Children in state care
Judge Quinones, a Family Court Judge with eight years of experience, described the conditions of detention as follows:
"Then again, Juvenile Center, as much as we might try, is not the most pleasant place in the world. If you put them in detention, you are liable to be exposing these youngsters to all sorts of things. They are liable to be exposed to assault, they are liable to be exposed to sexual assaults. You are taking the risk of putting them together with a youngster that might be much worse than they, possibly might be, and it might have a bad effect in that respect."
Many other observers of the circumstances of juvenile detention in New York have come to similar conclusions. Schall v. Martin United States Supreme Court (1984)
1st Amendment Protest Guarantees
We have recognized that the First Amendment reflects a "profound national commitment" to the principle that "debate on public issues should be uninhibited, robust, and wide-open," This has led us to scrutinize carefully any restrictions on public issue picketing. Boos v. Barry United States Supreme Court (1988)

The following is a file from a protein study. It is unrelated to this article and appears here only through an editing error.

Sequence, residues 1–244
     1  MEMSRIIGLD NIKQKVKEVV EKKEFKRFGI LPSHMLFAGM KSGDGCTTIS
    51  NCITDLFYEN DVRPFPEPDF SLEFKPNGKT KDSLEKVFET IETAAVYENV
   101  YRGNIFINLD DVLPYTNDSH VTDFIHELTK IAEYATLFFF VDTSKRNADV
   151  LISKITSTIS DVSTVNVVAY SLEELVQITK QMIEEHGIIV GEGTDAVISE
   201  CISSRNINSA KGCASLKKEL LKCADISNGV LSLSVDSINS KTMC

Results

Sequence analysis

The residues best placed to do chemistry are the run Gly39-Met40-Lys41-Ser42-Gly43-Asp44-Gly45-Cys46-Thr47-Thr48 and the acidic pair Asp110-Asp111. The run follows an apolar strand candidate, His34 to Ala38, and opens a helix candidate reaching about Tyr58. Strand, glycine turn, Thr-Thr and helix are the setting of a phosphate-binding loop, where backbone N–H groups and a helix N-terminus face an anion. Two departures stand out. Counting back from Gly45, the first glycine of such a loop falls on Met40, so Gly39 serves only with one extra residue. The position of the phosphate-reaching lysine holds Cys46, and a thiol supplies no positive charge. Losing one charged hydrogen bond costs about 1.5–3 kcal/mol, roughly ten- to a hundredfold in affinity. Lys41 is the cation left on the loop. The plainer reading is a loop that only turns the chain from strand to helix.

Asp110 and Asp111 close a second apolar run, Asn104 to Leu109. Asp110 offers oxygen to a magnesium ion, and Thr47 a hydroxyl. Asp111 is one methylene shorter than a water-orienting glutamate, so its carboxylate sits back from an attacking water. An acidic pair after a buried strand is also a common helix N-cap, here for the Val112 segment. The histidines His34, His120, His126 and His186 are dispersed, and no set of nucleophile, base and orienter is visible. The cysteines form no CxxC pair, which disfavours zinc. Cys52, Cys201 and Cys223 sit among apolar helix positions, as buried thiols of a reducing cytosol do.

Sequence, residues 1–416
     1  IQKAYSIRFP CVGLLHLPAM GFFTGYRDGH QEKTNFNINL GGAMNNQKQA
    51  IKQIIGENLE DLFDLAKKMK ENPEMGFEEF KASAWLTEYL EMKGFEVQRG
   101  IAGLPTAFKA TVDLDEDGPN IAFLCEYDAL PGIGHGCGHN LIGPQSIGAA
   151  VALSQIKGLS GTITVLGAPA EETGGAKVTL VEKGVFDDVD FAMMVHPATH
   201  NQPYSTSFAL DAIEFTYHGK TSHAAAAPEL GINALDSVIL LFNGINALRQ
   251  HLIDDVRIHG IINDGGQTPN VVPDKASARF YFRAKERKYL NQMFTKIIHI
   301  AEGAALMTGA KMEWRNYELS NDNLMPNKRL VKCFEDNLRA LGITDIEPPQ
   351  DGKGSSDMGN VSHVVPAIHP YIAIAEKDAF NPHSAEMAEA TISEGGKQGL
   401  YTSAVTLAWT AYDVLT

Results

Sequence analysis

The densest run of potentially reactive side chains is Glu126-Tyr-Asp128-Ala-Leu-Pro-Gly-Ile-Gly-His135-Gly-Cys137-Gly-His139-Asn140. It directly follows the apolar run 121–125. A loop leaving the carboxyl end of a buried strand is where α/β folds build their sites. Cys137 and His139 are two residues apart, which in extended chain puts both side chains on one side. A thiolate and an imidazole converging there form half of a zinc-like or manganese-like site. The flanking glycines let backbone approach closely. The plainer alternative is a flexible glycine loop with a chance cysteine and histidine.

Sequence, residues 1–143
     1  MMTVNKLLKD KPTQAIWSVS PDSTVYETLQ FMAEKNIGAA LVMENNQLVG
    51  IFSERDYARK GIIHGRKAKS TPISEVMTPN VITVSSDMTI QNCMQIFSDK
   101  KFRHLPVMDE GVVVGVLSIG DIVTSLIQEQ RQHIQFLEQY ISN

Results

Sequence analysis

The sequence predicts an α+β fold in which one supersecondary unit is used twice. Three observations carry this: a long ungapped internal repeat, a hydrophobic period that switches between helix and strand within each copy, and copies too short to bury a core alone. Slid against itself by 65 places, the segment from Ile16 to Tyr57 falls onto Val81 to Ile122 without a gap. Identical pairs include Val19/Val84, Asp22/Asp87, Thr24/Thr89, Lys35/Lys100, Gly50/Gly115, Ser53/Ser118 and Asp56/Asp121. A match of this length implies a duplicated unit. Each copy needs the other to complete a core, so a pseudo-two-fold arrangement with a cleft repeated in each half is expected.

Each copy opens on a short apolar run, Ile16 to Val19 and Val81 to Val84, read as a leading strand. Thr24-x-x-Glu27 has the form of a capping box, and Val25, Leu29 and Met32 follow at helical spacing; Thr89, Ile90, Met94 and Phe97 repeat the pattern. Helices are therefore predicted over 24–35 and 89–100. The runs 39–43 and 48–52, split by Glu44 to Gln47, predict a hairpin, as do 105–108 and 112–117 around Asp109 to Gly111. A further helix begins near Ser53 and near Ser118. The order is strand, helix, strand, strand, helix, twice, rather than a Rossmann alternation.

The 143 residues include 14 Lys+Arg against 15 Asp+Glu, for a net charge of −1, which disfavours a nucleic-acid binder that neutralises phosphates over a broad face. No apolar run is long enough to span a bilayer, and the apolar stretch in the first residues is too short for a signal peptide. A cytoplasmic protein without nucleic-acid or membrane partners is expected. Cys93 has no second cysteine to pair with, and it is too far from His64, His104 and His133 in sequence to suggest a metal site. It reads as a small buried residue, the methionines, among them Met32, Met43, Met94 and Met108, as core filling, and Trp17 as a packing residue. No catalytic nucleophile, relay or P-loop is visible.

The traditional approach sets forth a bright-line rule: any restriction on speech, the application of which turns on the content of the speech, is a content-based restriction regardless of the motivation that lies behind it. Boos v. Barry United States Supreme Court (1988)
Pro-Se litigant's pleadings
Pro se litigant's pleadings should not be held to the same high standards of perfection as lawyers. "Significantly, the Haines case involved a pro se complaint - as does the present case - which requires a less stringent reading than one drafted by a lawyer. Puckett v. Cox United States Court of Appeals (1972)

Section 2 Persuasive Arguments

Thus, apart from constitutional problems of using the best interest of the child standard without a prerequisite showing of harm, the vagueness and subjectivity of such a standard lends itself to an invasion of family privacy which is abhorrent to our current society. Kathleen Bean (1985-86) Grandparent Visitation: Can the Parent Refuse? Note: This statement is equally applicable to all invasions of the parent-child relationship.
The bible advises input from both parents; "Hear, my son, your father's instruction, and reject not your mother's teaching;" Proverbs 1:8 Revised Standard Version
Hubin, Donald (1999). Parental Rights and Due Process. University of Utah Journal of Law & Family Studies Volume 1 Number 2, 123-150. Note: The best article on unconstitutionality of family law.
See at: http://www.cohums.ohio-state.edu/philo/people/faculty/hubin.1/Research/P RDP.PDF
See Childs Best Interest website generally for useful information: http://childsbestinterest.org